If you’re a Christian, your life should be changed

If you’re a Christian, your life should be changed November 17, 2016

As Christians, our devotional lives come first. But at the same time, when we prioritize the devotional the kingdom work naturally follows. This is because our relational encounters with God change us. Their natural effect is to sanctify us and to produce in us a desire to do kingdom work. Who has been the most profound relational influence on your life? Think of how much that person has impacted your decisions and behaviors. In the same way, the Scriptures teach that it also is not possible for us to experience God’s sanctifying presence and to fail to discard our old life or to devote ourselves to kingdom work. In C.S. Lewis’s Voyage of the Dawn Treader, we encounter the story of Eustace. Eustace is a complainer and malingerer. He gripes about minor ailments and inconveniences, he shirks the ship’s chore routine, and when crew members inconvenience him he threatens to have them locked up upon their return to England. Then one day when the crew set down briefly on an island, Eustace wanders off. He stumbles upon a treasure hoard of a dragon that has just died. In his greediness he puts on a glimmering armband and falls asleep amid his newfound riches. The next morning Eustace wakes up and discovers to his horror that he has been transformed into the new dragon. His greed has mixed with the magic of the place and made him something he never intended. In vain he tries multiple times to shed his dragon skin. But he only can again return to his human form when Aslan, the great and magical lion, arrives and removes his dragon hide for him. Throughout the rest of the ship’s voyage, Eustace is a changed man – helpful, courteous, and compassionate.

Magdeburg Cathedral, Magdeburg, Germany, photo by Prinz Wilbert, Wikimedia Commons: https://commons.wikimedia.org/wiki/File:Magdeburger-Dom-Nachts.jpg
Magdeburg Cathedral, Magdeburg, Germany, photo by Prinz Wilbert, Wikimedia Commons: https://commons.wikimedia.org/wiki/File:Magdeburger-Dom-Nachts.jpg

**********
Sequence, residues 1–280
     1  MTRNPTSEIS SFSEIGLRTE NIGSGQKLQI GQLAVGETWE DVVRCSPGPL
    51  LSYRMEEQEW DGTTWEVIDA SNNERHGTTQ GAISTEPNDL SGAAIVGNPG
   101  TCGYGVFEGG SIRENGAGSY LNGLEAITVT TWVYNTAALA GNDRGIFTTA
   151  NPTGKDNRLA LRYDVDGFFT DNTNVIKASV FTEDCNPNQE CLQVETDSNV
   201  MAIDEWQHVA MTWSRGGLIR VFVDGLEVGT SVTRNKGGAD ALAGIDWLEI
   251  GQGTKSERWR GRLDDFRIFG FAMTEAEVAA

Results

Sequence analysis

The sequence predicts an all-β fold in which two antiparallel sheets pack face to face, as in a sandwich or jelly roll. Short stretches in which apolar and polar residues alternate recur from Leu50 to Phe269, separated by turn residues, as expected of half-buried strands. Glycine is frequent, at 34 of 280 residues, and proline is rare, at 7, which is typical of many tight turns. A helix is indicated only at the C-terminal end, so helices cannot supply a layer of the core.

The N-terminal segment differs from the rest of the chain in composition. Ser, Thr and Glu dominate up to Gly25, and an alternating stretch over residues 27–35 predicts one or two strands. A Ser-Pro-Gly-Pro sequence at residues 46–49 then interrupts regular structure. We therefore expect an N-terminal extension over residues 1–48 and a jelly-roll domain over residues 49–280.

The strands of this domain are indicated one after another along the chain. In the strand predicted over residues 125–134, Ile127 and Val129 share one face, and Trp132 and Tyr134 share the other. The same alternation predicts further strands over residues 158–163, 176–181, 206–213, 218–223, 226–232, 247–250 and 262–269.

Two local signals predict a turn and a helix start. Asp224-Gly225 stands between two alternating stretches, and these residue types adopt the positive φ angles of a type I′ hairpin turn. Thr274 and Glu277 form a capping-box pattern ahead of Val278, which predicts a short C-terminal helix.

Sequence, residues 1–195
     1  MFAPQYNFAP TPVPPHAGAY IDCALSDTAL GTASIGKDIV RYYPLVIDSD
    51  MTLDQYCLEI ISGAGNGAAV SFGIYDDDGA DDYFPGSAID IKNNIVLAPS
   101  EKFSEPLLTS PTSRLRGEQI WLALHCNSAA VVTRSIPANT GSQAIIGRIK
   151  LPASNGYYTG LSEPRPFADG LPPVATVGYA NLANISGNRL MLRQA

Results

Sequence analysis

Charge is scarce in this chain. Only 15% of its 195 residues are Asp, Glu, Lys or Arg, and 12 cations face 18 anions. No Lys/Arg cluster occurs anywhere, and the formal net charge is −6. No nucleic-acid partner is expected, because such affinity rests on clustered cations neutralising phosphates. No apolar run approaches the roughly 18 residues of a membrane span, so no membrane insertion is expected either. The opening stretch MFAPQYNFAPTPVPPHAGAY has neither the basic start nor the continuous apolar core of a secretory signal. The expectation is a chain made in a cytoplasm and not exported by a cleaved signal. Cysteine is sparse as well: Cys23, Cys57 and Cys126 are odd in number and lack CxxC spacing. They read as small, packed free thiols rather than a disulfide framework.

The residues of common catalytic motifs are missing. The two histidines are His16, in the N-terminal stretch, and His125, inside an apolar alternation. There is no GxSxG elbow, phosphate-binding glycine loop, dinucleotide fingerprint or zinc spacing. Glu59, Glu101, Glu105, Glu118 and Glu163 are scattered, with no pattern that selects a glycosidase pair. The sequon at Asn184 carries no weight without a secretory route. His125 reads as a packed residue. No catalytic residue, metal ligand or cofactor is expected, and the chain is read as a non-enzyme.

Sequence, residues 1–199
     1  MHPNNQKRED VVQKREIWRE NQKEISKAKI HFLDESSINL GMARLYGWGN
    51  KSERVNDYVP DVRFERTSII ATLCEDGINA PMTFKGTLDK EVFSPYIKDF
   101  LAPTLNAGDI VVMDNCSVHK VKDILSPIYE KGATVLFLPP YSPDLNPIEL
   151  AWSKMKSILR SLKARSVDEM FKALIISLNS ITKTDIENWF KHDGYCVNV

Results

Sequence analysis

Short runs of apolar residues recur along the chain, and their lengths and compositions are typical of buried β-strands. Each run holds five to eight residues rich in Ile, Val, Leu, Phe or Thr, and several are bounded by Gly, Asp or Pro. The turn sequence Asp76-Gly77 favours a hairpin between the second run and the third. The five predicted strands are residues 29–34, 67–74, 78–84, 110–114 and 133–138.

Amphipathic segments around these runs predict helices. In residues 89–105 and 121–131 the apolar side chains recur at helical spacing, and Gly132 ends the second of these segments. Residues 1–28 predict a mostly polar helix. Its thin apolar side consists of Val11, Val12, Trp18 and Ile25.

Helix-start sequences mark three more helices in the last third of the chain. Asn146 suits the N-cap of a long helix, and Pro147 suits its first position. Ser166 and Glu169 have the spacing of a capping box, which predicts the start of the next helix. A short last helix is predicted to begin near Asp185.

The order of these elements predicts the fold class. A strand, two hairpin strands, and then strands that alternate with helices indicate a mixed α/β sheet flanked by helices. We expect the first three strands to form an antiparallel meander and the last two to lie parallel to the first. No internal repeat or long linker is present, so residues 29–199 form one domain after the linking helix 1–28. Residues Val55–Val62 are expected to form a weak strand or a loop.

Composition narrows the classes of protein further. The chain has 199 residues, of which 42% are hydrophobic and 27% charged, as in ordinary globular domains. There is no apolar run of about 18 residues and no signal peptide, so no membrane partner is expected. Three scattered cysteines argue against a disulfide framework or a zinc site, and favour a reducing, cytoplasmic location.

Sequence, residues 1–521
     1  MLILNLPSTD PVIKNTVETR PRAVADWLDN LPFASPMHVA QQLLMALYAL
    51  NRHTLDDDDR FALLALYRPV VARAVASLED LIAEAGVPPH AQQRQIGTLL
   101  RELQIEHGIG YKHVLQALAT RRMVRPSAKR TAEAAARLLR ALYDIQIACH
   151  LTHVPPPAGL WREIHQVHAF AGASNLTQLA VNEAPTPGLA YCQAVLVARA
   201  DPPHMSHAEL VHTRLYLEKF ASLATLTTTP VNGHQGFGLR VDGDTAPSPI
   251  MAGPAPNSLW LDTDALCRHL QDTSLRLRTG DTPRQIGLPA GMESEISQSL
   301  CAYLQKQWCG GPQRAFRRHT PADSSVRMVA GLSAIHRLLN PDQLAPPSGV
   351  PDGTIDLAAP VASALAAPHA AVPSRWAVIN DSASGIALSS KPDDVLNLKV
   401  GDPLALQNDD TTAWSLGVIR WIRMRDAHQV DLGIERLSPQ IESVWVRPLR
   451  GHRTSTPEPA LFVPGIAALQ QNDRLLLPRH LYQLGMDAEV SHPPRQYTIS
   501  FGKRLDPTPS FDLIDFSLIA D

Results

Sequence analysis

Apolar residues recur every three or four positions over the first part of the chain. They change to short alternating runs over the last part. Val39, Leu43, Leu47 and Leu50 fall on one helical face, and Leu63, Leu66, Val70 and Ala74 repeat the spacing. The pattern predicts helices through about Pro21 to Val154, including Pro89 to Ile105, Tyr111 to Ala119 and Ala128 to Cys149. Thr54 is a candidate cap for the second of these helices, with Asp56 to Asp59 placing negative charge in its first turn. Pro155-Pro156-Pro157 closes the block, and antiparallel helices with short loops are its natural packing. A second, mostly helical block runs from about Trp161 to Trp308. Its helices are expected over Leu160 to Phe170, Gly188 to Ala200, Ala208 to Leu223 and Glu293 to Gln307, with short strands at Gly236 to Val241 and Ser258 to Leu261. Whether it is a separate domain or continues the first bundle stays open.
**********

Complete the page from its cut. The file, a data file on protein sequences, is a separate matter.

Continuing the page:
What Eustace’s story suggests is that to encounter God is to discard our old way of life. For Eustace, leaving that old life meant allowing Aslan to tear his dragon hide off and to give him a new, reconciled body. The sanctification that Eustace’s story illustrates is meaningless unless and until we experience the death of our desires. If our encounter with God is real then we cannot but experience a funeral for the old self. There simply is no other way, as it is not possible for us to remain the same and to be in a genuine relationship with God. The break with the past is always a matter of character transformation, and frequently it is a radical process. Sharing in the resurrection of Jesus is not for the faint of heart. It is a resolute life and it is grounded in the promises of God. “It is for freedom that Christ has set us free. Stand firm, then, and do not let yourselves be burdened again by a yoke of slavery.” (Galatians 5:1) I sometimes am asked by my students how they ought to understand the connection between the New Testament and the Mosaic Law. Are Christians under an obligation to obey that law – in whole, in part, or perhaps only in the spirit of things? Is some form of behavioral change necessary for a Christian conversion? The answer that I think is right and that is illustrated by the Eustace story is that to encounter God is to experience change. The change takes place naturally when the new Christian experiences a relational encounter with God. To be in a genuine relationship with God is to desire to turn away from the sinful indulgences in which one at one time engaged. The point is just that the kingdom work ought to follow the relationship, and not vice-versa. Cultivating a right relationship with God is something that ought to be our first spiritual priority and then after that our kingdom work will naturally follow.

Note: parts of this post have appeared in earlier posts on this blog. I have worked up these parts into a more substantive post here.

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